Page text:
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BRUBAKER v. METROPOLITAN LIFE INSURANCE COMPANY

September 26, 2005.

ROBERT L. BRUBAKER, et al., Plaintiffs
v.
METROPOLITAN LIFE INSURANCE COMPANY, et al., Defendants.



The opinion of the court was delivered by: EMMET SULLIVAN, District Judge

MEMORANDUM OPINION

This is an action to recover benefits allegedly due under a pension plan, pursuant to the Employment Retirement Income Security Act of 1974, 29 U.S.C. ยงยง 1001-1461 (ERISA). Pending before the Court is defendant Metropolitan Life Insurance Company and defendant Metropolitan Life Retirement Plan for United States Employees' motion for summary judgment. Upon consideration of defendants' motion, the opposition thereto and the reply in support thereof, the relevant statutory and case law, and for the reasons set forth below, the Court GRANTS defendants' Motion for Summary Judgment.

I. BACKGROUND

  As early as 1949, Metropolitan Life Insurance Company ("MetLife") provided a pension plan (the "Plan") for its employees. Under the Plan, employees who had reached their thirty-fifth birthday and had worked for MetLife for at least five years were eligible for benefits. The normal retirement age was sixty-five for men and sixty for women. However, employees were eligible for early retirement ten years before the normal requirement, with the Company's approval, or five years before the normal retirement date if they had contributed to the Plan for at least fifteen years immediately preceding their departure from MetLife.

  If an employee chose to terminate their employment with MetLife before meeting the age and years of service requirements for retirement under the Plan, they could either opt to receive a one-time cash surrender value of their vested annuity or retain a deferred vested annuity that began to mete out monthly payments once the employee turned sixty five. On a discretionary basis, the company would periodically award ad hoc increases to its retirement benefits to account for cost of living adjustments and changed conditions. MetLife provided one such ad hoc benefit increase to its retirees in 1996. In a letter dated May 1996, MetLife writes to "Retirees in the United States Who Retired Prior to January 1, 1993":

  I am pleased to announce that MetLife will increase pension benefits for all retirees under the Company's retirement plan prior to January 1, 1993 with at least five years of MetLife service. Def. Ex. A23. In addition, in November 1992, MetLife notified "retired MetLife Associates and Spouses" that the Company would provide a special one-time pension payment to "all employees who retired prior to January 1, 1988." Def. Ex. A22.

  Plaintiff Robert Brubaker, a former employee of MetLife between 1953 and 1961, argues that he is entitled to both the 1996 ad hoc increase and the 1992 one-time payment. Upon terminating his employment with MetLife, Brubaker went to work for a MetLife competitor and indeed retired from that competitor after thirty five years of service to that company. When Brubaker left MetLife, he opted to retain a vested benefit as a deferred annuity.

  In April 2000, Plaintiff Brubaker wrote to MetLife seeking the 1992 one-time pension payment and the 1996 ad hoc pension increase. MetLife denied Brubaker's administrative claim on the grounds that he was not considered a retiree based upon his status as a deferred vested annuitant.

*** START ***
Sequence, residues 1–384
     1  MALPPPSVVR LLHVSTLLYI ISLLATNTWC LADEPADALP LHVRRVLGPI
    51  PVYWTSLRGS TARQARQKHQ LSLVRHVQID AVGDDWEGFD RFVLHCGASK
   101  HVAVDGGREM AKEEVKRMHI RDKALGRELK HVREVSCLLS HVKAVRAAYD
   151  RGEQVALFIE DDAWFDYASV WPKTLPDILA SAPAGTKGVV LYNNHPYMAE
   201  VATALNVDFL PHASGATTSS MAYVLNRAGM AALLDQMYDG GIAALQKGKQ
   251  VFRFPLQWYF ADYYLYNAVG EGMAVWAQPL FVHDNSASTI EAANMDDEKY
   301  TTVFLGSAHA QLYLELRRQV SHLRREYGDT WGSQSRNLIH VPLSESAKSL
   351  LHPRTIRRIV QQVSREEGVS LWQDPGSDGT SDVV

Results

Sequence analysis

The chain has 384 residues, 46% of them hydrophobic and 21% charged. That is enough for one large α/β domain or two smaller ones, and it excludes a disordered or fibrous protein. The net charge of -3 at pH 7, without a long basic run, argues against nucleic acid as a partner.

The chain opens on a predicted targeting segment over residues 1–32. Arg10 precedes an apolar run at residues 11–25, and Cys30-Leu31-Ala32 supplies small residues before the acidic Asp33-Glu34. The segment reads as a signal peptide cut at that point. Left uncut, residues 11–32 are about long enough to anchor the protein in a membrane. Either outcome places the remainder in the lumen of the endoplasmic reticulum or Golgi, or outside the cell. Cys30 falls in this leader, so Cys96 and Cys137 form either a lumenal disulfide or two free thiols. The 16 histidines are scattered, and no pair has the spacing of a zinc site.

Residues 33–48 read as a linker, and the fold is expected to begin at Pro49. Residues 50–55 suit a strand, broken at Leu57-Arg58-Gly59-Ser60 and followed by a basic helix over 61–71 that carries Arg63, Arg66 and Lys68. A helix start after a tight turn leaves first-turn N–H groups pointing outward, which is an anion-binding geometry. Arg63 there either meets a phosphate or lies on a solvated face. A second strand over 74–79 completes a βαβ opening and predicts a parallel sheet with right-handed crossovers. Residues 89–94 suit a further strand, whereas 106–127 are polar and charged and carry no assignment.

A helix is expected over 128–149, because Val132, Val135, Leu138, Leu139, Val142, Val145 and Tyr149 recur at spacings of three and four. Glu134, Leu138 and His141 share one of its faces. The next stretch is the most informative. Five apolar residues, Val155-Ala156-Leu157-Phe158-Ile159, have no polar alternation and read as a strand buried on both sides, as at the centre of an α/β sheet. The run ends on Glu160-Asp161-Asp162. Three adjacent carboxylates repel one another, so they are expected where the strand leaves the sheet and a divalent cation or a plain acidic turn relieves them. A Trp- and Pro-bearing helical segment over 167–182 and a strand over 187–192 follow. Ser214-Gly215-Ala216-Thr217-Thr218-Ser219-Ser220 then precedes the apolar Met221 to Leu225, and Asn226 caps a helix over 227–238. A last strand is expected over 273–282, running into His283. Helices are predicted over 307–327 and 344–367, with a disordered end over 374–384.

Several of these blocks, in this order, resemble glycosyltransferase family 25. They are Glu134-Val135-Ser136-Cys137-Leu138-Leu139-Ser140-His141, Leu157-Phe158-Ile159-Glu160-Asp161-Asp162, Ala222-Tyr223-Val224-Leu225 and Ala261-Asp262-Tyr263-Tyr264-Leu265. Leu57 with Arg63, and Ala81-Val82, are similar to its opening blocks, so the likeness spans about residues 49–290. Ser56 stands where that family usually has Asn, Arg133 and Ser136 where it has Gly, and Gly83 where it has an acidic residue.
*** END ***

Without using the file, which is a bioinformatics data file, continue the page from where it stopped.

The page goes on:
Plaintiff Margaret Hayes was added to this lawsuit in March 2001. As the widow of a former MetLife employee, she alleges that her then-living husband was also entitled to the 1992 one-time payment, even though he did not fulfill the normal requirements of retirement when he terminated his employment with MetLife after thirty years. Like Plaintiff Brubaker, Mr. Hayes chose to vest his benefits in a deferred annuity. Neither Mr. Hayes nor Mrs. Hayes filed an administrative claim.

  Plaintiffs claim that MetLife promised the benefits to its retirees and, even though plaintiffs did not retire from MetLife, because plaintiffs are nonetheless retired and because the Plan itself does not define the terms "retiree", "retired employee" or "retired," plaintiffs believe they qualify for the benefit increases. Plaintiffs also argue that the Plan is an ambiguous contract, which, read in light of extrinsic evidence, would lead to the conclusion that deferred vested annuitants who are retired are entitled to the one-time payment and the ad hoc increases just as retirees who have met the formal retirement requirements of the 1949 Plan.

  Defendants now move for summary judgment on the grounds that the parties have conducted discovery and plaintiffs cannot establish any genuine issue of material fact in dispute. Defendants argue that Plan documents, including a 1991 Summary Plan Description, are clear that retired employees are only those persons who have retired from MetLife with a currently payable pension benefit under the Plan. Defendants thus maintain that plaintiffs are not entitled to the benefit increases because, as deferred vested annuitants, they are not considered retirees. II. DISCUSSION

  A. STANDARD OF REVIEW

  Pending before this Court is a motion for summary judgment. Summary judgment is granted pursuant to Fed.R.Civ.P. 56 only when there are no genuine issues of material fact and the moving party is entitled to judgment as a matter of law. See Celotex Corp. v. Catrett, 477 U.S. 317, 322, 106 S. Ct. 2548 (1986). When deciding a motion for summary judgment, the Court views the evidence in the light most favorable to the nonmoving party, according the benefit of all reasonable inferences to that party. See Anderson v. Liberty Lobby, Inc., 477 U.S. 242, 255, 106 S. Ct. 2505 (1986). Thus, the Court will grant summary judgment only if the ...


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